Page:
Jonge genever


Jonge genever is so named because it is a modern, young style. It was first developed in the 1950s in response to consumer demand for a lighter flavoured, more mixable genever. Jonge genevers contain a lower percentage of malt-wine than either oude or korenwijn styles, typically only about 5%, and generally have fewer botanicals as well: in some brands, the juniper is barely detectable.
Jonge genever must:
• Contain no more than 15% malt wine.
• Be at least 35% alcohol by volume.
• Contain a maximum of 10 grams of sugar per litre.
• If the label states 'graangenever' or 'grain jenever' then the neutral spirits used must be 100% grain based.

Oude genevers


Despite the name, Oude genevers do not have to be aged. They are so called because they are a more traditional, older-style genever, as opposed to jonge jenevers, which are modern. They usually also produced using more botanicals than jonge styles. Proportions and recipes vary from one brand to another, and different brands have very different characters, but aromatic botanicals like aloe and myrrh are often used to flavour oude genevers.

Oude genevers must:
• Contain at least 15% malt-wine.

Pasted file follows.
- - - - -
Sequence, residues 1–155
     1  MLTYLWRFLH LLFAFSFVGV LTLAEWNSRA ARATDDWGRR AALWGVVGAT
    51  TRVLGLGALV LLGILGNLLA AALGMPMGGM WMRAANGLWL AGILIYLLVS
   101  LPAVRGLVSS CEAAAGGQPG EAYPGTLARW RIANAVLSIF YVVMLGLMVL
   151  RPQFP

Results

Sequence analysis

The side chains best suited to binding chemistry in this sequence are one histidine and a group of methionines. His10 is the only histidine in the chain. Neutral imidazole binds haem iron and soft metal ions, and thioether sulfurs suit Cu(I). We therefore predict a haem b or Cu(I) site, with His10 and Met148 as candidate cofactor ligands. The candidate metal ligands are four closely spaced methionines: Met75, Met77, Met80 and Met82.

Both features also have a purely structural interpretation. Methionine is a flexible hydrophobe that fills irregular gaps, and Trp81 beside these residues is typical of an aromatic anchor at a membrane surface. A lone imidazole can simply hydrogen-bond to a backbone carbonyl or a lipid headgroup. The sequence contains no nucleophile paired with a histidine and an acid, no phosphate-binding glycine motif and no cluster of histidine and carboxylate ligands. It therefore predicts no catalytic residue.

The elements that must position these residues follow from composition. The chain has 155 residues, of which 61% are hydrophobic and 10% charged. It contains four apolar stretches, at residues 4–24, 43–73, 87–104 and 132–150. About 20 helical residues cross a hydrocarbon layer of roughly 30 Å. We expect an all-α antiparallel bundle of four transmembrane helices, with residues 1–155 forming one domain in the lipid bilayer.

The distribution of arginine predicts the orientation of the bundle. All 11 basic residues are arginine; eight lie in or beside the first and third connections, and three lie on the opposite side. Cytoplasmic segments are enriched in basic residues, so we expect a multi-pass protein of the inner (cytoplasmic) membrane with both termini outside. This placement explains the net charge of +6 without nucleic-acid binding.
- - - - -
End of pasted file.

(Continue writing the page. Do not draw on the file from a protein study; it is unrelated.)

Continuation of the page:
• Be at least 35% alcohol by volume.
• Contain a maximum of 20 grams of sugar per litre.
• If the label states 'graangenever' or 'grain jenever' then the neutral spirits used must be 100% grain based.
• Oude genever do not have to be aged but if a label mentions aging, then the genever must have been aged for at least one year in a barrel of 700 litres or less.

Korenwijn' (corn wine)


The third category of genever is 'korenwijn' (which Bols spell 'corenwyn').

Korenwijn jenvers must:
• Contain at least 51% malt-wine.
• Be at lest 38% alcohol by volume.
• Contain a maximum of 20 grams of sugar per litre.
• Korenwijn does not have to be aged but like Oude genever if it is it must be aged for at least one year in a barrel of 700 litres or less.

Other terms


The initials ZO stand for the Dutch 'Zeer Oude', or 'very old'. They have no precise implication but suggest that the genever is straw-coloured and slightly sweeter than jonge. Likewise 'Extra Oude' has no legal classification but is often used to emphasise that a genever has been aged.

Fruit genevers


As the term would suggest these are fruit flavoured genevers. They are a modern phenomenon gaining in popularity since WWII. Fruit genevers tend to emphasise the fruit with little malt wine or botanical character discernible.

Serving genever


The Dutch and Belgians drink their genever neat in ice-cold glasses. The traditional Dutch method is known as Kopstoot (pronounced 'Cop-Stout') and literally translates as 'a blow for your head': simply drink a shot of ice-cold genever from a small, tulip-shaped glass, then follow with a sip of beer.

Jonge genever may be mixed with tonic, soda or cola in a similar fashion to vodka. The proportion of juniper in some brands is so low that even those who do not enjoy the taste of London Dry gin may savour a jonge genever and tonic.

Some people mix genever with bitters. Splash a few drops of bitters in an old-fashioned glass, rotate the glass to coat, then top up with cold genever and ice. This yields a drink not dissimilar in style to the British pink gin.